In recent weeks, state lawmakers reformed aspects of Wisconsin’s worker's compensation law through the enactment of Senate Bill No. 11, now 2021 Wisconsin Act 29. Among other things, Act 29 modifies Wisconsin’s existing worker's compensation eligibility standards for certain mental injury claims. In this regard, Act 29 is limited in its scope to claims by law enforcement officers and full-time firefighters employed by the State or a political subdivision thereof (collectively “public safety officers”). Additionally, these new standards only apply to claims involving a work-related mental injury that results in the claimant’s diagnosis of post-traumatic stress disorder (“PTSD”), and which is not accompanied by a physical injury. The Wisconsin State Assembly passed S.B. 11 on April 14, 2021, and Governor Evers signed the bill into law on April 27, 2021. Act 29 was officially published and took effect on April 28, 2021. It will be effective for claim incidents as of April 29, 2021.
The “Extraordinary Stress” Standard
The Wisconsin Supreme Court first acknowledged the compensability of “non-traumatic mental injuries,” which can include PTSD, in 1974. see School Dist. No. 1. v. DILHR, 62 Wis. 2d 370, 215 N.W.2d 373 (1974). In doing so, the Court held that “non-traumatic mental injuries” are compensable only if the claimant is able to establish that the events that caused such an injury “resulted from a situation of greater dimensions than the day-to-day emotional strain and tension which all employees must experience.” Id. at 377-78. The Wisconsin legislature codified this “extraordinary stress” standard in Wis. Stat. § 102.01(2)(c) of the Worker's Compensation Act. Its scope has since been narrowed by application to only include “non-traumatic mental injuries” arising from extraordinary stresses in the claimant’s particular line of work. Because the nature of public safety officers’ line of work is inherently dangerous and often involves life or death situations, the job-specific analysis applied under the “extraordinary stress” standard imposed an especially high burden of proof on public safety officers making such claims.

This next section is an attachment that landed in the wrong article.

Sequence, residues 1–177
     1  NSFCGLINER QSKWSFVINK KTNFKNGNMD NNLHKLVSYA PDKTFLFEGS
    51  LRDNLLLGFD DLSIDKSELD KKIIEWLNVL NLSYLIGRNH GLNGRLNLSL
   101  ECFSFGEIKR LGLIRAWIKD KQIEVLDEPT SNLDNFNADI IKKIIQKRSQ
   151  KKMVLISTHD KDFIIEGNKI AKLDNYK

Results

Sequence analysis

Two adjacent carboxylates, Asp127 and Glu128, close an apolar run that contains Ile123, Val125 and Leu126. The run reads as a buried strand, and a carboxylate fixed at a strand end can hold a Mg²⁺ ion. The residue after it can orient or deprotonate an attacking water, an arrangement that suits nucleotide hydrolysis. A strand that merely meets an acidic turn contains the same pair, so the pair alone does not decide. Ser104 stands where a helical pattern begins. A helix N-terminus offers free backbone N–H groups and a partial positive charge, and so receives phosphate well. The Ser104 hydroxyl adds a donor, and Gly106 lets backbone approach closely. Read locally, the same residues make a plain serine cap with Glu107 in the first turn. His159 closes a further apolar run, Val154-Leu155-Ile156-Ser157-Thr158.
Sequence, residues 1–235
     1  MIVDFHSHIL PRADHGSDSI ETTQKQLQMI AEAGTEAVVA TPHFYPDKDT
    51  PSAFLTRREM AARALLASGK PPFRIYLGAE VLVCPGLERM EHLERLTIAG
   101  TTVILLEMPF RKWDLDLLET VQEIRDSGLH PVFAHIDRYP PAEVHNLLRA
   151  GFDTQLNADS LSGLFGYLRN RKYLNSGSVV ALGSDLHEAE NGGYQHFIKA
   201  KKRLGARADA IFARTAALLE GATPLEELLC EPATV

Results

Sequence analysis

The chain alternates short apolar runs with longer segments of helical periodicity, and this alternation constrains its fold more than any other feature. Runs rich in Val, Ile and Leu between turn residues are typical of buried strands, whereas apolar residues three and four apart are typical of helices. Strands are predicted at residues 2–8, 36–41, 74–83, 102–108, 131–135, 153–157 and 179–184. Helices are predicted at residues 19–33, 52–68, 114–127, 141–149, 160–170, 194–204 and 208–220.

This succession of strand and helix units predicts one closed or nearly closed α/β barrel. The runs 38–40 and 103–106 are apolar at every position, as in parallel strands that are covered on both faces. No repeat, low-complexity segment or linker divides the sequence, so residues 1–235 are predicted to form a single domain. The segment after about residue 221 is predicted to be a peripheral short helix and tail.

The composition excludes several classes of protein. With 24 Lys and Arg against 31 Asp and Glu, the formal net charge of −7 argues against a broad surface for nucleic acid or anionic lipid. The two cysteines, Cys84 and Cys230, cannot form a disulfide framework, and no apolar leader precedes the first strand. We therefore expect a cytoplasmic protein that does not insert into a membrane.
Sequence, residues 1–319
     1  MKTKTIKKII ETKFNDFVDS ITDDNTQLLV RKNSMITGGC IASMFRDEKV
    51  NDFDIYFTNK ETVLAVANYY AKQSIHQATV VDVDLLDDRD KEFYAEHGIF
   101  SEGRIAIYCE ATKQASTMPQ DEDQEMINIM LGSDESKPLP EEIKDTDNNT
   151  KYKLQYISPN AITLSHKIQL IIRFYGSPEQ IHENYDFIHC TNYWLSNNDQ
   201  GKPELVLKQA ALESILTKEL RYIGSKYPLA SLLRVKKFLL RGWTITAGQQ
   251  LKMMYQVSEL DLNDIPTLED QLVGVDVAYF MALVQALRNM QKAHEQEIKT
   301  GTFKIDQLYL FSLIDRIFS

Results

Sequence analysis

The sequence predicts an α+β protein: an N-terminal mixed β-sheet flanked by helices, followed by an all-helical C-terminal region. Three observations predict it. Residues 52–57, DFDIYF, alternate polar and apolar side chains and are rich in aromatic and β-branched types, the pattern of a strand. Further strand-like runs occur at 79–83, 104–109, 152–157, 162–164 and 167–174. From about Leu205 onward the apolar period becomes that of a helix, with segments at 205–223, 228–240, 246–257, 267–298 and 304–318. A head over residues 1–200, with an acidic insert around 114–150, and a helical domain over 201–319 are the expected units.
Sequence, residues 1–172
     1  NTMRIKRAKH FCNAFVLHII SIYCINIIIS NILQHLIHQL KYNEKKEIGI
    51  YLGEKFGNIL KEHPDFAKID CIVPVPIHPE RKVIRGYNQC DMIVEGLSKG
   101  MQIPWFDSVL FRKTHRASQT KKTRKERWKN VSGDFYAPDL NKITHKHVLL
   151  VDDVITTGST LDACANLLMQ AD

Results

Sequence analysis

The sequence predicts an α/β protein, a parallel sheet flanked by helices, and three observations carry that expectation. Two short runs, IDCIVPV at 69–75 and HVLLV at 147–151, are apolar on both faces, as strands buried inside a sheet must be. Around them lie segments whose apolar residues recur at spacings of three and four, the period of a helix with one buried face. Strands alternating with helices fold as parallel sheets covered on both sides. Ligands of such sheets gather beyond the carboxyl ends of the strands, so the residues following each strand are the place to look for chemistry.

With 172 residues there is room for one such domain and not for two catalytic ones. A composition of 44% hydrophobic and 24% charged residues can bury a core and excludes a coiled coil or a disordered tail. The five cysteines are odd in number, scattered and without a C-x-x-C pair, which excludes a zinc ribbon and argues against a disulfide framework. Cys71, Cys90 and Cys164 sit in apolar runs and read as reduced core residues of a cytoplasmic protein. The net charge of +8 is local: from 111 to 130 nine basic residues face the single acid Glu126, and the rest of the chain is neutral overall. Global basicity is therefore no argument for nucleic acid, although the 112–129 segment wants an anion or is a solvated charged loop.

Act 29 and PTSD Claims by Public Safety Officers
With respect to mental injury claims, Act 29 aims to make treatment and worker's compensation benefits more accessible to public safety officers who suffer from work-related PTSD. One of its central features is the abolishment of the “extraordinary stress” standard for PTSD claims made by public safety officers. Instead, entitlement to benefits for PTSD claims without an accompanying physical injury is established if the claimant proves the conditions of liability by a “preponderance of the evidence.” Under the reformed compensability standards, the mental injury must be caused by the claimant’s performance of his or her job duties and result in a diagnosis of PTSD by a licensed psychiatrist or psychologist using the criteria set forth in the 5th Edition of the Diagnostic and Statistical Manual of Mental Disorders of the American Psychiatric Association. In order to be compensable, the PTSD cannot be the result of a good-faith employment action by the employer, such as a disciplinary action, job transfer, or termination.
While the enactment of Act 29 is anticipated to result in more compensable PTSD claims by public safety officers, it also contains provisions limiting liability and entitlement to benefits. Subject to the conditions of liability set forth under Wis. Stat. § 102.03, eligible claimants are entitled to worker's compensation benefits for wage loss benefits and treatment costs. However, Act 29 specifically limits covered employers’ liability for PTSD claims by public safety officers by capping entitlement to treatment and wage loss benefits to no more than 32 weeks after the injury is first reported. Additionally, public safety officers are restricted from receiving benefits secondary to a PTSD claim to not more than three times in his or her lifetime, regardless of changes in employers or employment.
It is uncertain whether this statutory change allows for loss of earning capacity claims or vocational retraining claims because of the 32 week limit provision. If a claimant qualifies under the extraordinary stress test, then they would still be able to pursue those benefits.
von Briesen & Roper Legal Update is a periodic publication of von Briesen & Roper, s.c. It is intended for general information purposes for the community and highlights recent changes and developments in the legal area. This publication does not constitute legal advice, and the reader should consult legal counsel to determine how this information applies to any specific situation.